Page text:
Are NFL coaches starting to listen to economists?
My gut feeling is that the answer to that question is almost certainly a resounding “no.” But there are three pieces of data that at least hint at the possibility that economists might be making some headway.
The first bit of evidence is the play-calling of Atlanta Falcons coach Mike Smith, as reported by Michael Salfino in a Wall Street Journal article this past Saturday.? Nearly a decade ago, I was the editor on David Romer‘s Journal of Political Economy paper that demonstrated that NFL coaches were far too cautious when it came to choosing to punt on fourth down.? This year, on fourth down and three or fewer yards in the opponent’s territory, the Falcons went for it 72.2 percent of the time.? I don’t have the data from ten years ago available to me, but I believe no team would have been close to this percentage back then.? It paid off for the Falcons: they converted 84.6 percent of the time, increasing their points scored by about 30 points and possibly adding three wins.? Bill Belichick of the New England Patriots was an early convert to Romer’s analysis – I am told Belichick read the paper carefully.? The Patriots were the fourth most likely team to go for it on fourth down this year, converting all seven times they tried on fourth and short in their opponent’s territory.
The second bit of evidence relates to my own working paper, co-authored with Kenneth Kovash, that we released in 2009.? In that paper, we pointed out another apparent inefficiency in NFL play calling: too many runs and not enough passes.? Even after taking into account the higher likelihood of a turnover when passing, according to our analysis a passing play generates on average .07 extra points in expectation.? The teams that pass the most score an extra 14 points a year relative to the teams that run the most, by my calculations.? For what it is worth, the percentage of offensive plays that were passes rose to 55.4 percent this year from 54.7 percent.? Not a big change, and no doubt pure coincidence, but at least the trend is in the right direction.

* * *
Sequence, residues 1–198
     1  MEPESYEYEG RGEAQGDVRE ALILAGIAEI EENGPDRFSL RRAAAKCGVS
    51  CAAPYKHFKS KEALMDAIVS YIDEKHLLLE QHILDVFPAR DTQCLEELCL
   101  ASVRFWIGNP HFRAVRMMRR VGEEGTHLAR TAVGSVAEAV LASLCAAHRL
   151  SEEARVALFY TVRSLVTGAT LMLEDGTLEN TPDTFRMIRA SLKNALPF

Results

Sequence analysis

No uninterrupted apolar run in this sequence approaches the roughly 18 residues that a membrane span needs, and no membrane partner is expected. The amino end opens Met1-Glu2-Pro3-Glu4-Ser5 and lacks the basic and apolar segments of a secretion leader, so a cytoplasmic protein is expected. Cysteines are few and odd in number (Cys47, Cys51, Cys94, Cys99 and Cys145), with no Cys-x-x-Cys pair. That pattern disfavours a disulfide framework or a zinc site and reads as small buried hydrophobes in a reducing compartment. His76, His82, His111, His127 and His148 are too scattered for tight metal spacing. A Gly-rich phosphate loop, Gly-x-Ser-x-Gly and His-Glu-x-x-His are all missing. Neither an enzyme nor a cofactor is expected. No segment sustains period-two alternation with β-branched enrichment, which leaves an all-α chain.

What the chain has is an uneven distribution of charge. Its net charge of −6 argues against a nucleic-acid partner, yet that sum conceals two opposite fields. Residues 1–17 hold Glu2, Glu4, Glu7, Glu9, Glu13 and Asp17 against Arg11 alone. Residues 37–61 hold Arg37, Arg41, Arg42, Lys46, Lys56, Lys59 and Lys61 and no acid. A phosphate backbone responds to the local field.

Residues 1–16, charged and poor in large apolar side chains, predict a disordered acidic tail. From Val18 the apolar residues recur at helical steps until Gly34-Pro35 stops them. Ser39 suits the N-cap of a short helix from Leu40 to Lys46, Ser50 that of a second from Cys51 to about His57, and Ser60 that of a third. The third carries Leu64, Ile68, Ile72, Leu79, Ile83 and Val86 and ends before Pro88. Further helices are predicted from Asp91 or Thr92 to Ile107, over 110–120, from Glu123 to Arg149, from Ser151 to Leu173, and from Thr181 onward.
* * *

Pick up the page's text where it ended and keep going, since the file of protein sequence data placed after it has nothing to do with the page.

The third bit of evidence is no doubt the strongest.? After Ken Kovash and I wrote that paper on football, an NFL team hired him!? (Ken follows in the footsteps of another of my former students, Mike Zarren, who is the stats guy for the Celtics.)? I’m happy to report that his team’s ratio of passes to runs jumped far more than the league average, so maybe they are even listening to him.